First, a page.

How to get the best lap time
- April 28, 2017
Imagine the world at 15. You’ve been riding in your parent’s car for years. You’ve been paying very close attention to where your favorite stores are, where your friends live, and the laws of the road (hah!) So why are they making you take this stupid drivers education class? First, because it’s the law in most states, but also because you shouldn’t be on the roads behind the wheel of a lethal weapon without the proper training and certification. Remember what it was like after you passed the driving test and went on your first solo drive? How lost were you? Suddenly all of those places you had been to a million times before were impossible to find. I came from the Mapsco generation and had to try to memorize a route so that my friends didn’t mock me during my drive. Think about how much harder it was to actually drive when you were on your own. That simple right turn you practiced over and over again? Suddenly the simplest task became so much more difficult. No one was there to bail you out or stomp on that shared break. No one was there to holler to LOOK OUT! So many things to remember all while trying to maintain the proper speed and avoid getting the dreaded ticket. 10 and 2, 3 second follow, don’t pass on the left, or was it the right?!
Now fast forward to today. You’ve been driving for years, and you don’t even think about where you are going and how to get there. Do you even remember driving to work today? You just “appeared” there after the allotted commute time. Scary as this may be, your brain has dropped into a level of near subconscious control or what’s referred to as unconscious competence. Cool. Now think back to last year when you got a new car. Took a few days to get the feeling just right, didn’t it? Your seat wasn’t in the right spot, the mirrors looked different. The steering wheel response was far more delicate. But in time your body and mind adjusted and you were back to your normal zombie commute. The other thing to note is that you didn’t need anyone to tell you how to adjust, you just did. Sure the dealer likely gave you an overview of the new car, but you applied years and years of practice driving that translated into that new car. Learning where the new knobs and buttons were was easy to figure out on your own.
Now take all of those years of driving and drop yourself into a race car. Holy smokes!! You really thought you could control this thing?! You may have thought you knew the physics of a turn. You thought you knew the right amount of pressure to apply to the gas pedal. Wait, is this a stick shift I need to figure out? Why is there an extra pedal down there? What do these buttons on the steering wheel do? Personally I learned to drive on a manual, so I have that going for me, but many of us have never driven anything but an automatic our entire lives. So it’d be super helpful for someone to give us a few pointers before they turned us loose on the track. I don’t need to start from scratch and go back to when I was 15 to learn everything about driving, but this new engine and new car definitely have a few features I need someone to show me how to operate. Where do I put in the gas? Does it even run on gas? Is there a key somewhere? What kind of crew do I need to keep it running at optimum performance? What’s the best way to speed through a turn? All questions that can be quickly answered by a professional. I could spend hours, weeks, and years taking advantage of that professional’s experience to learn how to best drive that car. Even after all of that instruction, would I put you in the Indy 500 next week? Of course not. But if you can start going 100+ miles per hour after some training and practice you’d be pretty impressed with yourself, as you should be.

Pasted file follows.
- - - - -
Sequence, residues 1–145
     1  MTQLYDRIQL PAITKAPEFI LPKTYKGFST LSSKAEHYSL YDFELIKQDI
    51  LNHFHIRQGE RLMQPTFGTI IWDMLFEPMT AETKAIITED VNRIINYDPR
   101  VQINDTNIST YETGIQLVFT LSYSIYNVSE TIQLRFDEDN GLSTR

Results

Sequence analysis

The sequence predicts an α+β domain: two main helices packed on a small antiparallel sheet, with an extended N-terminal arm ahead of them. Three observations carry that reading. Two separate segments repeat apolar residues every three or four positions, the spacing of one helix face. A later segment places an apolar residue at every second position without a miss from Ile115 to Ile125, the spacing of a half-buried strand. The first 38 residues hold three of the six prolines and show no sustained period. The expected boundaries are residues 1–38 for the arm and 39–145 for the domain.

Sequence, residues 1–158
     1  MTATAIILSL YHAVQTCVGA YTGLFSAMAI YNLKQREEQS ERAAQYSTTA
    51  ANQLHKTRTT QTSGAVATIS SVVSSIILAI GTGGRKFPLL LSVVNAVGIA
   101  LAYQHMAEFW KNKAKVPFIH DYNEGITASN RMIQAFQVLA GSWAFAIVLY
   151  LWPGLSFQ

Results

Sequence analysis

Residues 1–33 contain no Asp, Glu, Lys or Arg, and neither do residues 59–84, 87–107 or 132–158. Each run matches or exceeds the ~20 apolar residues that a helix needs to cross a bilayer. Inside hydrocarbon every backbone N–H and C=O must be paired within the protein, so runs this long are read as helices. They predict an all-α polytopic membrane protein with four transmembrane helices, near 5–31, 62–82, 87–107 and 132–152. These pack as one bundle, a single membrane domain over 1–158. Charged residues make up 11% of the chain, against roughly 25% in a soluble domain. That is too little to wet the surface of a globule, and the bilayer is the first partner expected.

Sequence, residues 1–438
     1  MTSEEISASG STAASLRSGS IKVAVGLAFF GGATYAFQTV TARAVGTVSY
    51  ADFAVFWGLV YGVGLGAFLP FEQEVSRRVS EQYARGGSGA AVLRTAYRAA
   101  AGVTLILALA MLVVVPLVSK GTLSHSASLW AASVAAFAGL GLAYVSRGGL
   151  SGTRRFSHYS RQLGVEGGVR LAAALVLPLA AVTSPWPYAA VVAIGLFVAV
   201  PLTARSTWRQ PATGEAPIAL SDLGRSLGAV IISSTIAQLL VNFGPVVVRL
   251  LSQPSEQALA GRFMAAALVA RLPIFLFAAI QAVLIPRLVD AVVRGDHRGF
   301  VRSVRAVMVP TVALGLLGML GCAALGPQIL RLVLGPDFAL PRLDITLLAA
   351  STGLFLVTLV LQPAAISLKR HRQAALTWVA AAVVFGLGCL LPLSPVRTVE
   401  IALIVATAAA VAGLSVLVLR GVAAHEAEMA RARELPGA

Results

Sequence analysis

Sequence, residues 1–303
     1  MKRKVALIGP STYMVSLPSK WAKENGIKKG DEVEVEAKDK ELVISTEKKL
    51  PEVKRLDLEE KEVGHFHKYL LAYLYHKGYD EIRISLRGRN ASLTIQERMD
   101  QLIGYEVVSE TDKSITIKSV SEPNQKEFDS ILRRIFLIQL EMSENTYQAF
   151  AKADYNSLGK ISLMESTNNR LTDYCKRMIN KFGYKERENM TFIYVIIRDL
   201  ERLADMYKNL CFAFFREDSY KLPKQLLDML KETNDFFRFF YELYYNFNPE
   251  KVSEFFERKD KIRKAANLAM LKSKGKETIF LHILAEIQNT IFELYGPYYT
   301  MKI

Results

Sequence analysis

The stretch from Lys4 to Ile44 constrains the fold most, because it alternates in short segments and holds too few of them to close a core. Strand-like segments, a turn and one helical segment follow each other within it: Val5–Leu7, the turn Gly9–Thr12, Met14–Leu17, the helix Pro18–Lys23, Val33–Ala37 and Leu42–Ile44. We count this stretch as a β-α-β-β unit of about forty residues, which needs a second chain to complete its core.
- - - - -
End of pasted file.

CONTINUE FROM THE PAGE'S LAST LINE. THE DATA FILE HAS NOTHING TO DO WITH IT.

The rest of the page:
Making service maps, discovering your infrastructure, managing multiple monitoring tools, and delivering orchestration or cloud management is no different. Sure you know the underlying technical details. Sure you’ve administered these systems for years. But you aren’t driving your daily commuter any more. You’ve been given the keys (or whatever starts that thing) to a brand new highly tuned platform that is capable of delivering mind numbing risk reduction and cost savings. If you get into this new engine with the expectation that you can “figure it out” you’re going to get out of it what you put into it. VERY LITTLE. Do yourself a favor and leverage the training that you need to understand how this platform works. After some exposure and practice, you can start pushing the platform to the limits. Eventually the unconscious competence will set it and that daily activity of is second nature and just happens in zombie mode. You don’t have to crack open the manual to remember how to change the spare tire. You just know.
There are two ways to get the knowledge you need. The pun was intended. Attend Knowledge17 (and 18, 19, 20…) and learn from your peers, from hands on labs, from sessions, and from pre-conference training (which happens to be far more affordable). Take formal training classes and then take them again in a year. You’ll learn something new every time, I promise. Engage with your account teams and take advantage of workshop and hang with your peers back home and see what they are doing with their “racecar”. Never stop practicing and never stop learning. In the end you’ll have the fastest lap time of your life!